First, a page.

48. Σαβαζίου, θυμίαμα ἀρώματα.
Divine connection: aromatics
Κλῦθι, πάτερ, Κρόνου υἱέ, Σαβάζιε, κύδιμε δαῖμον,
I call father Kronos’ sacred son, Sabazios, glorious divine power,
ὃς Βάκχον Διόνυσον, ἐρίβρομον, εἰραφιώτην,
Bacchian Dionysian, blasted forth, then with a needle
μηρῶι ἐγκατέραψας, ὅπως τετελεσμένος ἔλθηι
Thigh-insewn in order to fulfill your coming forth.
Τμῶλον ἐς ἠγάθεον παρὰ Ἵππαν καλλιπάρηιον.
Tmolian divine leader of the rites of fair Ipta,
ἀλλά, μάκαρ, Φρυγίης μεδέων, βασιλεύτατε πάντων,
Blessed Phrygian power, whose rule extends over all,
εὐμενέων ἐπαρωγὸς ἐπέλθοις μυστιπόλοισιν.
Graciously confer your aid for those who come to the mystic city.
 Kronos, Sabazios’ father, is the immortal God of time. Sabazios’ mother is Rhea, Goddess of flow.
 Sabazios is a Phrygian (modern Turkey) God, literally: “synchronized (Σα) + basis (βά) + spark (ζ) + divine power (ιε).”
One might connect Sabazios’ name with the word “celebration” as his worship is associated with music and dancing and uproarious behavior akin to what someone might experience at a modern rock concert where the crowd is singing and dancing and shouting along with the music, creating a transcendant sense of oneness with the music and with the crowd.
The name Sabazios (Σαβάζιε) is similar to sabazo (σαβάζω): to shatter, shake violently, scatter, suggesting that shaking things up a bit is part of the function of the deity.
The uproarious rites of Sabazios are closely tied to the rites of Kybele/Rhea, the Phrygian Mother of the Goddesses and Gods. Sabazios is equated by many writers with the Greek Dionysos, God of wine and its effects.
"Sabazios: He is the same [God] as Dionysos. He acquired this form of address from the rite pertaining to him; for the barbarians call the bacchic cry sabazein. Hence some of the Greeks too follow suit and call the cry sabasmos; thereby Dionysos [becomes] Sabazios. They also used to call saboi those places that had been dedicated to him and his Bacchants." (Drawn from the Scholia to Aristophanes, Birds 873, Suda online s.v. Sabazios, trans. Alex Gottesman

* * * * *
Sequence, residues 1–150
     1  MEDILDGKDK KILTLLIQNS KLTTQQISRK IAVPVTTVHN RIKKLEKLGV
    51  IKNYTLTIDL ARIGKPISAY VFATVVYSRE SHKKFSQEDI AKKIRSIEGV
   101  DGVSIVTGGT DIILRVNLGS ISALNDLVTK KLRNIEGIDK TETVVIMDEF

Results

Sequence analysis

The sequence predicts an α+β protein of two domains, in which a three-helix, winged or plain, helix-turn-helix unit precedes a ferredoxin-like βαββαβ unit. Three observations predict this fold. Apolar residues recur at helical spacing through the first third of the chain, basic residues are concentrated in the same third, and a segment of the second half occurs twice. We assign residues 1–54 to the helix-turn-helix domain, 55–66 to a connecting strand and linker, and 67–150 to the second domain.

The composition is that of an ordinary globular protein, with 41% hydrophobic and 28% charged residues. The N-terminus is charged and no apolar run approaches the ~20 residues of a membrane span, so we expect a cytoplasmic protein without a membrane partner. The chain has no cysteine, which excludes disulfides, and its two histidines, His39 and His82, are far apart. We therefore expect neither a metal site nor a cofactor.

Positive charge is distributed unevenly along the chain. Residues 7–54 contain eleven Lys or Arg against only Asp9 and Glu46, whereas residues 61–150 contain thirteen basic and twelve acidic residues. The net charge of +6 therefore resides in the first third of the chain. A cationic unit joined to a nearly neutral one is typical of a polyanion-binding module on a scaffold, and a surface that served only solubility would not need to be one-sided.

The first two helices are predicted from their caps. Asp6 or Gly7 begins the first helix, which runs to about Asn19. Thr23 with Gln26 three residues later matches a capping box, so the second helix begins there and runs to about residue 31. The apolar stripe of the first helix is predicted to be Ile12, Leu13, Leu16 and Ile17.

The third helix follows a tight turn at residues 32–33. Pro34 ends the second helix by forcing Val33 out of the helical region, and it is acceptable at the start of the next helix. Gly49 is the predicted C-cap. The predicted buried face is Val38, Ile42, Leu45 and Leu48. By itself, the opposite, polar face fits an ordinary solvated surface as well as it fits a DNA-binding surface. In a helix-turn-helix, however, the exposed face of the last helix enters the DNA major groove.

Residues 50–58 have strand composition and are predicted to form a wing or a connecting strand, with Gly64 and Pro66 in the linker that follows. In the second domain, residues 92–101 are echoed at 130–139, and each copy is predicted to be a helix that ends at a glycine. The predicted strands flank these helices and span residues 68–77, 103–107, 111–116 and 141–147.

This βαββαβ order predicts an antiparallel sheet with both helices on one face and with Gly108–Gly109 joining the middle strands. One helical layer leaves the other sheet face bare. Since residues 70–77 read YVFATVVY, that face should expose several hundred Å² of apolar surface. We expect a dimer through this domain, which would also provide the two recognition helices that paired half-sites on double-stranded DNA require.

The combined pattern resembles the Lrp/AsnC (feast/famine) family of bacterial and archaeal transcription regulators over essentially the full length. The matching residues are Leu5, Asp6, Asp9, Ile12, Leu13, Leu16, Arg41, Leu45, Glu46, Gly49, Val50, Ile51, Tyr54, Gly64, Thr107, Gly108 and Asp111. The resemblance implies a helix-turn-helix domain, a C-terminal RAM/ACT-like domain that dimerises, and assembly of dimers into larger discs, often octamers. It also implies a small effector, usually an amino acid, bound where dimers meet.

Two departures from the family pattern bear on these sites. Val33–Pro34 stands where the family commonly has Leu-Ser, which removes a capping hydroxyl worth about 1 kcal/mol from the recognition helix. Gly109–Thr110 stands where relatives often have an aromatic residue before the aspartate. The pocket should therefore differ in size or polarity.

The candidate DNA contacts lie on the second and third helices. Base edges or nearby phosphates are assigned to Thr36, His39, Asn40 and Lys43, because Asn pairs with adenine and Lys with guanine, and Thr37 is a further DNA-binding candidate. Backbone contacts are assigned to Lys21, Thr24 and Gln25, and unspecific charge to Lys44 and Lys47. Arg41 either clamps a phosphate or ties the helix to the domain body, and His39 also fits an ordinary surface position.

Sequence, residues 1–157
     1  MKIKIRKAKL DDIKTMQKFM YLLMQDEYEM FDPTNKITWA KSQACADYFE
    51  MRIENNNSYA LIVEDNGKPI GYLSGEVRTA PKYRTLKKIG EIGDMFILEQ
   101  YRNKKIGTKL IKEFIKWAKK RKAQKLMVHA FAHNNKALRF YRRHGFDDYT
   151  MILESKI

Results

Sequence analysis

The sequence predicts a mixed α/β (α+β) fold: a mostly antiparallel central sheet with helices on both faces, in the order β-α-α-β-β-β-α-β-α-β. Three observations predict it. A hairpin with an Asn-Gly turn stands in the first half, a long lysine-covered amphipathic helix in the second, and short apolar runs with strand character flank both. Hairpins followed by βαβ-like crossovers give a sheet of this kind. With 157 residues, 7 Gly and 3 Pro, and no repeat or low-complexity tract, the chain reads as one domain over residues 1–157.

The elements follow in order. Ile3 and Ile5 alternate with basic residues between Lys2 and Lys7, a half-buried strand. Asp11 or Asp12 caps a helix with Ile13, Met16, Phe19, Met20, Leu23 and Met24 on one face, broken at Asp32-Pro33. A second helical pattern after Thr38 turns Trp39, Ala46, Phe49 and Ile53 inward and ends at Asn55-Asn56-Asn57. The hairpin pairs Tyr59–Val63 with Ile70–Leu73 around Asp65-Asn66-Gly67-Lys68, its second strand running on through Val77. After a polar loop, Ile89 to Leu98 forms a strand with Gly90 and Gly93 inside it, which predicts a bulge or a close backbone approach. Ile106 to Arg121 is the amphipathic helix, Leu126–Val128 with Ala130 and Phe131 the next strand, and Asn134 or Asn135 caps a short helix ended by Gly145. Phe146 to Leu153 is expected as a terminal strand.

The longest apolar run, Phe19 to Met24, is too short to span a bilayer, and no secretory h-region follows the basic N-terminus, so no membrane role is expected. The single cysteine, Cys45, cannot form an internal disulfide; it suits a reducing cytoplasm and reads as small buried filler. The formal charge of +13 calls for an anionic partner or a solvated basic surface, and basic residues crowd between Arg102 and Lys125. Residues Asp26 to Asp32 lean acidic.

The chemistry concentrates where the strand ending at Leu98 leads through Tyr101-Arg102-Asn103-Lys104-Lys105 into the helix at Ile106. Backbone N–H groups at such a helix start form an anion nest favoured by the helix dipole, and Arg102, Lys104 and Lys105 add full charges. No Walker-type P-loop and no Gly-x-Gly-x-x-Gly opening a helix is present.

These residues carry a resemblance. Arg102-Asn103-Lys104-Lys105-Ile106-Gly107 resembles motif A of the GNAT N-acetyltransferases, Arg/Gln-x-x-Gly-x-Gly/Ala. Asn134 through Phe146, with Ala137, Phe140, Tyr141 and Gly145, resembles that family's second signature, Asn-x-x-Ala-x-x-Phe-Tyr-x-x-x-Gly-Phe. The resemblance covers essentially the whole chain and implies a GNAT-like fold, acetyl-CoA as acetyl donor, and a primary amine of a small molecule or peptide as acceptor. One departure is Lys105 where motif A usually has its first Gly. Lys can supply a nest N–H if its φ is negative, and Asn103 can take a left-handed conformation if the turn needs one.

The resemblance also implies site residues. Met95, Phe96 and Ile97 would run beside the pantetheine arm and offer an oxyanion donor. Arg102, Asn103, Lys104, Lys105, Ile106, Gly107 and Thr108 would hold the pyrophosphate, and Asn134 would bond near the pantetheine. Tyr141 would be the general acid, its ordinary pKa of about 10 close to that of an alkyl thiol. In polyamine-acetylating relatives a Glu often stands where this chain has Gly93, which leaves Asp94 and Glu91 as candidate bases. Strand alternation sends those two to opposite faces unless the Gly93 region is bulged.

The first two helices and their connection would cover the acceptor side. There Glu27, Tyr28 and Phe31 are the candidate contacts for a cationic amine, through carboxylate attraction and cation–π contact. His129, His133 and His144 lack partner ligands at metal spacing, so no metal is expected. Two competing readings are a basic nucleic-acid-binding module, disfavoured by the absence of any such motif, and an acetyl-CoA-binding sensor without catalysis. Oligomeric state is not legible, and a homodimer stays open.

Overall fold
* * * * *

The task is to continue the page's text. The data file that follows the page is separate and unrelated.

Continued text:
W. W. How, J. Wells in A Commentary on Herodotus says that Sabazios and Dionysos are one and the same: “The true home of Dionysus was in Southern Thrace between the Axius and the Hebrus, where he had many local names, e. g. Sabazius. His cult was closely related to the Cybele cult of the kindred Phrygians (Rohde, Psyche, ii. 1; Ramsay on Μήν, C. and B. i. 105; and in general, Farnell, G. C. v. 85 f.).” http://www.perseus.tufts.edu/hopper/text?doc=Perseus:text:1999.04.0028:book=5:chapter=7&highlight=sabazius
Strabo in Geography 10.3.15 says that “Sabazius also belongs to the Phrygian group and in a way is the child of the Mother, since he too transmitted the rites of Dionysus.220” http://www.perseus.tufts.edu/hopper/text?doc=Strab.+10.3.15&fromdoc=Perseus%3Atext%3A1999.01.0198
Many authors speak to the influence and connection of the Phrygian rites of the Mother of the Goddesses and Gods and the rites of Dionysos/Sabazios.
From Dictionary of Greek and Roman Geography (1854)
William Smith, LLD, Ed., “Phrygia”:
“The religious ideas of the Phrygians are of great interest and importance, and appear to have exercised a greater influence upon the mythology of the Greeks than is commonly supposed, for many a mysterious tradition or legend current among the Greeks must be traced to Phrygia, and can be explained only by a reference to that country. Truly Phrygian divinities were Cybele (Rhea or Agdistis), and Sabazius, the Phrygian name for Dionysus.” http://www.perseus.tufts.edu/hopper/text?doc=Perseus:text:1999.04.0064:entry=phrygia-geo&highlight=sabazius